South Australia Chinese businessmen's huge inheritance disputes lead to three generations of cross-border lawsuits
A family dispute involving a $XNUMX million estate has been filed from China to the Supreme Court of South Australia.
According to The Advertiser, the South Australian Chinese businessman and financier Hongtao Liu did not make a will during his lifetime. His death triggered a lawsuit against his mother-in-law to recourse against his daughter-in-law for control of the estate.
Liu’s mother, Junying Yan, claimed that the Chinese court where she was located had agreed to give her 125 million Australian dollars of her son’s overseas assets, including a power plant and its equipment. She asked for an extension of Liu's disposal of property in Australia until her four cases in the Chinese courts were closed to save court fees.
However, Liu's wife Kong Xiangting (transliteration Xiangting Kong), 14-year-old son Daniel and 12-year-old daughter Shirley asked the court to reject the request. They claimed that the postponement of the strict lawsuit would freeze Liu's assets indefinitely, preventing them from continuing to maintain their current lifestyle.
Liu Hongtao passed away in November 2018 and was one of the directors of Australian Group Investments. He is also a director of 11 The Parade Pty Ltd, which owns the building where Parade Thai Restaurant is located.
Liu's other business interests include Super Star Australia and Young Stars agencies, a catering company, a real estate company and a financial management company.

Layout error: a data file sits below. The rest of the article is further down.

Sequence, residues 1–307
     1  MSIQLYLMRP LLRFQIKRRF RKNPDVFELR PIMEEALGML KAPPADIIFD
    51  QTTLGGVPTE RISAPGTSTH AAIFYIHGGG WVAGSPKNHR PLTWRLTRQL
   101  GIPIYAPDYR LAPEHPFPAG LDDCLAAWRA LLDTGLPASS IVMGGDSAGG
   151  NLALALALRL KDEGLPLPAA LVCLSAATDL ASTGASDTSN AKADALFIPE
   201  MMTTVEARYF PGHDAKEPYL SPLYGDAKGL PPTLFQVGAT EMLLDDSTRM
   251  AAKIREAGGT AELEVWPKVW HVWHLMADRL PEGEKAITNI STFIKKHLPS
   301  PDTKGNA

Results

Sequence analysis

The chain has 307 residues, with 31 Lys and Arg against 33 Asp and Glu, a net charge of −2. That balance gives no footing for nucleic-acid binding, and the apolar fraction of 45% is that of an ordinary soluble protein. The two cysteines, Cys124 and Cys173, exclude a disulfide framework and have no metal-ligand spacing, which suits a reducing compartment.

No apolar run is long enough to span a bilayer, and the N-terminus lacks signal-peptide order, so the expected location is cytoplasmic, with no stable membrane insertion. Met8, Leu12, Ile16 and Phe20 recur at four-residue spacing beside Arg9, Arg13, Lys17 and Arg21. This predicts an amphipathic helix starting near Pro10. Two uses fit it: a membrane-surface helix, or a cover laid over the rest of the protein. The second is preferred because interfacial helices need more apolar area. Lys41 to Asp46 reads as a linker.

In February 2019, Ms. Kong obtained control of her husband's property, including two luxury properties located on the Billabong River in St Peters District. One of them was designed by architect Max Pritchard and sold for A$2 million in 2011, setting a bar for housing prices in the area.
Six months later, Ms. Yan, now 76, filed a lawsuit, claiming that her son had made an "oral promise" to her, saying that he "will support her throughout his life." Yan claimed that he used to be a factory worker with low education and limited skills. He relied on his son's annual alimony of 4 Australian dollars to survive.
Judge Tim Stanley stated in the pre-trial judgment that Ms. Yan told the court that as long as the Chinese court makes a ruling in her favor, she will not pursue the assets of South Australia.
"It seems that (the two lawsuits) have handled their (Chinese) property in the same way, and Ms. Yan is entitled to this property of approximately 125 million Australian dollars." "She believes that the Chinese litigation process should be completed in early 2021." Stanley said, "Ms. Kong and her children said that the extension will seriously affect the management of the deceased's estate and freeze the assets they have always depended on." "The longer it takes to solve the problem, the longer their financial And the greater the emotional loss."
Judge Stanley said that there is neither confidence nor guarantee as to when the Chinese case will be concluded, so that the litigation in Australia will be delayed "indefinitely." He said: "If you are not satisfied with the outcome of the Chinese lawsuit, the plaintiff hopes to retain its right to file a lawsuit here." "What Ms. Yan wants is to get the cake and eat the cake."
He refused to postpone the case and ordered Ms. Yan to pay A$35 to the court to guarantee future litigation costs.